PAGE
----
Choose one of the following prompts (or use another prompt you have been given), talk with your teacher about how to approach and structure your writing, then complete your portfolio entry:
- In works you have studied, discuss the means as well as the effectiveness with which power or authority is exercised.
- A good life means different things to different people. Consider how a good life is represented in literary works you have studied.
- Sometimes a crisis creates a positive change. Consider this idea with reference to literary works you have studied.
- What makes you admire any of the individuals encountered in the literary texts you have studied?
Towards Assessment: Higher Level Essay
Students submit an essay on one non-literary text or a collection of non-literary texts by one same author, or a literary text or work studied during the course. The essay must be 1,200-1,500 words in length (20 marks).
Please find suggestions here; but always be mindful of your own ideas and class discussions and follow the direction of your own programme of study when devising your assessment tasks.
Nothing to Envy offers many possibilities for completing this assessed activity. Although it is a work of non-fiction, Demick employs many of the same artful techniques as any writer of fiction you may have studied on your course. Of particular interest might be the idea of authorial intrusion: to what extent is your view of North Korea mediated by Demick’s own conclusions on the country she has studied for so many years? Questions you could profitably pursue include, but are not limited to:
- Discuss the importance of setting and how North Korea is depicted in Nothing to Envy: Ordinary Stories of North Koreans.
- How does Barbara Demick explore the effects of the past on the present in her work Nothing to Envy?
- What is the effect of shifting points of view in Nothing to Envy by Barbara Demick?
- Explore the symbolism of ‘darkness’ in Barbara Demick’s Nothing to Envy.
- What is the role and importance of ‘food’ in Nothing to Envy by Barbara Demick?
- To what extent is Barbara Demick’s own voice a feature of her writing in Nothing to Envy?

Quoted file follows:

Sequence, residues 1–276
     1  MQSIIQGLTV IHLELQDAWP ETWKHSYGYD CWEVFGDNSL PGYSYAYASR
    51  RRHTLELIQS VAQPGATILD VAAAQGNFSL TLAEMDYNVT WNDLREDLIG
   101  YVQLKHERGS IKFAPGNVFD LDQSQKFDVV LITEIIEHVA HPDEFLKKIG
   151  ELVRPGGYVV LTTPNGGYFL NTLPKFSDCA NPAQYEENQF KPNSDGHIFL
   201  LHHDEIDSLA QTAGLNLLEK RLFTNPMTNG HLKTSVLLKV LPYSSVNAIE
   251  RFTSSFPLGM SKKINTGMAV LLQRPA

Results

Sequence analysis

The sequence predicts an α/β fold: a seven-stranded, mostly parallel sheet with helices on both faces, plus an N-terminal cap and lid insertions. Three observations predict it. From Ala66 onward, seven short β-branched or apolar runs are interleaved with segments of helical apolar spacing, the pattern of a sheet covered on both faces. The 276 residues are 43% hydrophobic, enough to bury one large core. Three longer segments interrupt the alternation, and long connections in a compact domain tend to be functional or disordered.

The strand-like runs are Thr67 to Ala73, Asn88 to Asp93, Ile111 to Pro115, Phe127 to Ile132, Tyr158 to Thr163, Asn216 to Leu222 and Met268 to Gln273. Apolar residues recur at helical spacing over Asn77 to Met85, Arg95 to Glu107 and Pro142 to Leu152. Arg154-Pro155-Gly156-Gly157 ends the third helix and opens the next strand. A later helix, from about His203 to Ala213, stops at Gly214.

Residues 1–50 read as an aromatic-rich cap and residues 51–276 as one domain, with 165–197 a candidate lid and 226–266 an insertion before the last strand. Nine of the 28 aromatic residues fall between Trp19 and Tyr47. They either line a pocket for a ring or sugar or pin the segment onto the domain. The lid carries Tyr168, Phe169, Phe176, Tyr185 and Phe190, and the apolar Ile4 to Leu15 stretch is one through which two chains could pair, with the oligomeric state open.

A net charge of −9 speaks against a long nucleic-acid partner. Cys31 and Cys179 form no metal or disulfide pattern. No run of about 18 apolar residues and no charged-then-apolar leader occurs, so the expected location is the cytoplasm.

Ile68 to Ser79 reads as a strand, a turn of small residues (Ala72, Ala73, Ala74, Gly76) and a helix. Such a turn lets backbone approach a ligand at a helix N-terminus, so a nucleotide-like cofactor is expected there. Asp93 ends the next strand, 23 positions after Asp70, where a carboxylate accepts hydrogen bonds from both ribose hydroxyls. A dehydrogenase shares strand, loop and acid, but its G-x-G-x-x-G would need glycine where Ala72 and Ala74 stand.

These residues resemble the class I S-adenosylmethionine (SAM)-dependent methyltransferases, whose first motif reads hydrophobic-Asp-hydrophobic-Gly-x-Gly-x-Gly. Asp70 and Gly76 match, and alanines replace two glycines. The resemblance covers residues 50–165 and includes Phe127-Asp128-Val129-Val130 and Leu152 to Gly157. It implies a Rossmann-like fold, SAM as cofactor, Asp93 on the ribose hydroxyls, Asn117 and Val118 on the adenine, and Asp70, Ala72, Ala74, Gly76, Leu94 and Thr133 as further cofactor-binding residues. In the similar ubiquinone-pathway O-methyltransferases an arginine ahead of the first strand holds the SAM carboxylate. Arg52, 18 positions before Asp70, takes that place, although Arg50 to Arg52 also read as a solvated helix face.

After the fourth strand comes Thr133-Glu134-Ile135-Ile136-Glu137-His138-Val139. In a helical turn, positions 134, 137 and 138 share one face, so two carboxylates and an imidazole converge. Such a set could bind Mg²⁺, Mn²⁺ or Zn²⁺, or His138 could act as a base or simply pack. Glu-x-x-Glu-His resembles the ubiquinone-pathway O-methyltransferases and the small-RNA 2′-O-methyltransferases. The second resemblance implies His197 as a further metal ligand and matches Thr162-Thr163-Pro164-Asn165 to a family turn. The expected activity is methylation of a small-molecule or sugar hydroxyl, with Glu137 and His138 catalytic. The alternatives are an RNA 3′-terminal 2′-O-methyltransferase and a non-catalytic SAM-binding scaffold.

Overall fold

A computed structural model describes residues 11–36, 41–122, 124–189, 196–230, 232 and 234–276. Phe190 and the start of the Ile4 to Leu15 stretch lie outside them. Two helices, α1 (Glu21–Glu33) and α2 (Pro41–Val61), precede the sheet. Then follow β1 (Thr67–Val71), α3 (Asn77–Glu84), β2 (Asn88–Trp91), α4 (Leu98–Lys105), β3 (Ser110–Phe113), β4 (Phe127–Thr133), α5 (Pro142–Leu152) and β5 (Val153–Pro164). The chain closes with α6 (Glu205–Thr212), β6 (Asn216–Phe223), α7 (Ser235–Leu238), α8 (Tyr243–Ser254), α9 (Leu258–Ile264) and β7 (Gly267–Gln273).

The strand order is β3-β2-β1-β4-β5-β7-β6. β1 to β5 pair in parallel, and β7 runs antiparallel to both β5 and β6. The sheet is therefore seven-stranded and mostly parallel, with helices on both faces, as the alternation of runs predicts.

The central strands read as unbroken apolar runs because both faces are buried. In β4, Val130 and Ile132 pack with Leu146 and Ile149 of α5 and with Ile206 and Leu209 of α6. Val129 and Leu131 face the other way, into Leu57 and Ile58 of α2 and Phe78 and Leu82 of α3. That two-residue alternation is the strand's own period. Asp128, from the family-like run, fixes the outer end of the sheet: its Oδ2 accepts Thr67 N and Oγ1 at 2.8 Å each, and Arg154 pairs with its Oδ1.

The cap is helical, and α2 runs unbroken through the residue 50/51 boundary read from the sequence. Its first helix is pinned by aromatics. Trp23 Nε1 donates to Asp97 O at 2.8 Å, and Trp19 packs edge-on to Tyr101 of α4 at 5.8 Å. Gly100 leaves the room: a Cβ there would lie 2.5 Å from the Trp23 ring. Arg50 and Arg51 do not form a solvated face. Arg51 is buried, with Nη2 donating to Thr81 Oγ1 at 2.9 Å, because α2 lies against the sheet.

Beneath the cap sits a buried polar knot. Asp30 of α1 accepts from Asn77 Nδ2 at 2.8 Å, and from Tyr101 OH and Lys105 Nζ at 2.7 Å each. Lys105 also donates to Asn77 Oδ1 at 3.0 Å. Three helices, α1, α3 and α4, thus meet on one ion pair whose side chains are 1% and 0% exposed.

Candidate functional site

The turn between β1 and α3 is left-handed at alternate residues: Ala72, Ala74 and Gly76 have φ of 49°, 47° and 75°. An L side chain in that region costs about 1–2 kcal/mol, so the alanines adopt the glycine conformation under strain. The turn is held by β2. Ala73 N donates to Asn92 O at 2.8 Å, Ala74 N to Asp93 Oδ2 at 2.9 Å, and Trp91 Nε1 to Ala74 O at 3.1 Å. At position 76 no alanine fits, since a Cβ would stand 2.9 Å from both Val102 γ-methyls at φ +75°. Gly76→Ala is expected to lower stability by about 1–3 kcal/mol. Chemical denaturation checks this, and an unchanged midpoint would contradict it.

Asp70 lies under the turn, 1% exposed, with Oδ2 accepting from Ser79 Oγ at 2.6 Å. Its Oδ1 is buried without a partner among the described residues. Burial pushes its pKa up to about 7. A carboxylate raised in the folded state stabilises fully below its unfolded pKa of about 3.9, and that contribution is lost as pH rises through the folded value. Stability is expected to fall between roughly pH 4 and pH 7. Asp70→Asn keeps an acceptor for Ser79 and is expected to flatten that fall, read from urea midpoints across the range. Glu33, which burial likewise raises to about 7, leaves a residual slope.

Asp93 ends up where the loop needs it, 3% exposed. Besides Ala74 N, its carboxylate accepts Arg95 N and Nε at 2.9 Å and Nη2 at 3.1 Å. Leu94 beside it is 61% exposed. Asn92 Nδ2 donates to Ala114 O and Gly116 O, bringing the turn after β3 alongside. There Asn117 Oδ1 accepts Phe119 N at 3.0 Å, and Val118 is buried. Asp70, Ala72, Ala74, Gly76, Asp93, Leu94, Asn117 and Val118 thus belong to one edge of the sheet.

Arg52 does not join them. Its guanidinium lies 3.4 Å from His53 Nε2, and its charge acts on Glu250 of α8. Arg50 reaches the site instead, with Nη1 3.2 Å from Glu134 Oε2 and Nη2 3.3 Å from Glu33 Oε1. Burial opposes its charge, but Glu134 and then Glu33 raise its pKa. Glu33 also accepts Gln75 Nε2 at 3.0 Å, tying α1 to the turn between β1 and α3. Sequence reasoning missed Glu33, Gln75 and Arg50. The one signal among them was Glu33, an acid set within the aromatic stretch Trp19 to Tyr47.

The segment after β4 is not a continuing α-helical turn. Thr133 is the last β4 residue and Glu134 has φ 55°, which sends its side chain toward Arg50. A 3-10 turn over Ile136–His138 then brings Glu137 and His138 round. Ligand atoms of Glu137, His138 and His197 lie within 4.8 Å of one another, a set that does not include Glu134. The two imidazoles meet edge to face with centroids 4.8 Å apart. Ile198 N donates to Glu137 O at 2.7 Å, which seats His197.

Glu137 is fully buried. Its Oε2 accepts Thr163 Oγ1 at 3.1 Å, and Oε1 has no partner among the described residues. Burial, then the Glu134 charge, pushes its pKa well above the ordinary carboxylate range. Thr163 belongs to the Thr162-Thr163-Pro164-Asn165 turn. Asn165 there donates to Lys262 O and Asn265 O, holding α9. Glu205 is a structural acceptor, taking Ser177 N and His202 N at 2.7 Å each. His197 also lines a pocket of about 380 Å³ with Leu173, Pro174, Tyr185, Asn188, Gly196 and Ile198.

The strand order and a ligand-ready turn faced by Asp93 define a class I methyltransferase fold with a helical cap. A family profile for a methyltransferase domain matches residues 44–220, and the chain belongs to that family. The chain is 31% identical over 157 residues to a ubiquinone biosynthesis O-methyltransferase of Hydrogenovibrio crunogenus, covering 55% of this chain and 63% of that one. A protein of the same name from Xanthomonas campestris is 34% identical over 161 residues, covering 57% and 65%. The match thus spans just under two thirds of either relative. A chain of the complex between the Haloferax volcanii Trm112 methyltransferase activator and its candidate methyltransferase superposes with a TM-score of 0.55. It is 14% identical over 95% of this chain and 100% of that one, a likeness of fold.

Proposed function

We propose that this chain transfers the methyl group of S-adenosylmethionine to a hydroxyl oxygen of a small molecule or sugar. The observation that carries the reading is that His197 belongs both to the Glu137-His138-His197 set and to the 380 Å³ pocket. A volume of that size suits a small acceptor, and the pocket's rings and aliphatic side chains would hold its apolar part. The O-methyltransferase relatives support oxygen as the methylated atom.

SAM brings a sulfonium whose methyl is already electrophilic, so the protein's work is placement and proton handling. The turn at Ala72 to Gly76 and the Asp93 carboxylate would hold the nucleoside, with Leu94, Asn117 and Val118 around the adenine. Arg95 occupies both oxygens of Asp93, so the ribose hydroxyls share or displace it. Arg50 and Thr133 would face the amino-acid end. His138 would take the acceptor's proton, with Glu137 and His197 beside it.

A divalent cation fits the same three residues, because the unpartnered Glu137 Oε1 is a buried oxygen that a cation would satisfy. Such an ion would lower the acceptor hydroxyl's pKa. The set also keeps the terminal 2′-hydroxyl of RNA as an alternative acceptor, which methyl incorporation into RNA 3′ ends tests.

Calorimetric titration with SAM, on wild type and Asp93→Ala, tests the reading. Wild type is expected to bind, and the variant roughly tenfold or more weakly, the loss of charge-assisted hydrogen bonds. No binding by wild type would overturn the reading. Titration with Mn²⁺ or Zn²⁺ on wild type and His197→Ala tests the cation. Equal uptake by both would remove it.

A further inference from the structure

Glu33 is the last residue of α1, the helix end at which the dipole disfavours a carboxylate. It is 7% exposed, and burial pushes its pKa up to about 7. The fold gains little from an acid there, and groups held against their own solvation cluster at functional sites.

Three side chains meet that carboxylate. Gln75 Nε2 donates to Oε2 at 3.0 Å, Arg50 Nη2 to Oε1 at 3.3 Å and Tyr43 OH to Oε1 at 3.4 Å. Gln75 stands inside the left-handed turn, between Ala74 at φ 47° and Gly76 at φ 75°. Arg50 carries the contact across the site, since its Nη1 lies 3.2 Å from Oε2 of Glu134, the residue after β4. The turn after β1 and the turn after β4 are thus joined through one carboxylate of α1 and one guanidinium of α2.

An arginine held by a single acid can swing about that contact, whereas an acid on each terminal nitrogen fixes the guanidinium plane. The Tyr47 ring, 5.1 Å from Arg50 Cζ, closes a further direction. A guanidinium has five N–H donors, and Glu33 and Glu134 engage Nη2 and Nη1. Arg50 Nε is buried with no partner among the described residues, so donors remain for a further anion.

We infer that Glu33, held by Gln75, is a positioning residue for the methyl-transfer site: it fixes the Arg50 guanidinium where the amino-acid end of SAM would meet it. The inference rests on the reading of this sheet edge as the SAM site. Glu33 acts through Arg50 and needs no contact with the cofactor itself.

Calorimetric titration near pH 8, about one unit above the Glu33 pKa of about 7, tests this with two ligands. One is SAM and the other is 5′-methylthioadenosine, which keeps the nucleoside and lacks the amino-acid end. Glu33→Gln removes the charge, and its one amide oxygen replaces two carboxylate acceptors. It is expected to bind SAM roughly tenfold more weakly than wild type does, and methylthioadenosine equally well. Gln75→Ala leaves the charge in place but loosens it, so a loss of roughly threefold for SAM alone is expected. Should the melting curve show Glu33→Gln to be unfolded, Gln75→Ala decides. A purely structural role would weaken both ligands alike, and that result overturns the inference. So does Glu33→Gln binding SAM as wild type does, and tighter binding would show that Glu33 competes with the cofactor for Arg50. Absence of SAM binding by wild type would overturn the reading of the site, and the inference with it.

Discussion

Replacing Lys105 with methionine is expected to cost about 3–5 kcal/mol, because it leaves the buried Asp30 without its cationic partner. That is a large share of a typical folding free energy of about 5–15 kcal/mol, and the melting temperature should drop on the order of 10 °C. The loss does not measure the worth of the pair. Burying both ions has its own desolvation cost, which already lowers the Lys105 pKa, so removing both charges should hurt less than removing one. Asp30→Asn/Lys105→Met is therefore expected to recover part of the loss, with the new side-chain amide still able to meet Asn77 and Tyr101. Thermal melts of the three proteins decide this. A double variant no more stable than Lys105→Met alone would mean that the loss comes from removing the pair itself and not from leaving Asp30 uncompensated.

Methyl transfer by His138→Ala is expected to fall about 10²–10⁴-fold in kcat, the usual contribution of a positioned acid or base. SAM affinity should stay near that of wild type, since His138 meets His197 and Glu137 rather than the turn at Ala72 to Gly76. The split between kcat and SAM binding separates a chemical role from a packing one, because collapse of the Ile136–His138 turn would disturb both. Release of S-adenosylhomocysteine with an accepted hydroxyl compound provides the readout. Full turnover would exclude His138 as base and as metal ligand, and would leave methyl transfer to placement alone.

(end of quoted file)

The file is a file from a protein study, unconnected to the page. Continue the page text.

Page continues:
- Explore the portrayal of family in Nothing to Envy: Ordinary Lives of North Koreans.
- To what extent is personal re-invention necessary for integration in the closing chapters of Nothing to Envy by Barbara Demick?
- What characterisation methods are most important to Demick when reimagining the lives of her interviewees in Nothing to Envy: Ordinary Lives in North Korea?
Towards Assessment: Individual Oral
Supported by an extract from one non-literary text and one from a literary work (or two literary works if you are following the Literature-only course), students will offer a prepared response of 10 minutes, followed by 5 minutes of questions by the teacher, to the following prompt: Examine the ways in which the global issue of your choice is presented through the content and form of two of the texts that you have studied. (40 marks)
Please find suggestions here; but always be mindful of your own ideas and class discussions and follow the direction of your own programme of study when devising your assessment tasks.
Nothing to Envy provides a wealth of issues to discuss in your oral assessment. While the starvation of the 1990s is now thankfully a distant memory, famine and depravation still play a large part in the experiences of people all around the world. While I’ve expanded on a couple of ideas below, other themes such as having to live with trauma, the effectiveness of propaganda, repressive government regimes and more can all form the basis for interesting Global Issues and you shouldn’t be afraid to follow your own thoughts arising from your work and class discussions. Now you have finished reading and studying the novel, spend a lesson working with the IB Fields of Inquiry: mind-map the play, include your ideas for Global Issues, make connections with other Literary Works or Body of Works that you have studied on your course and see if you can make a proposal you might use to write your Individual Oral.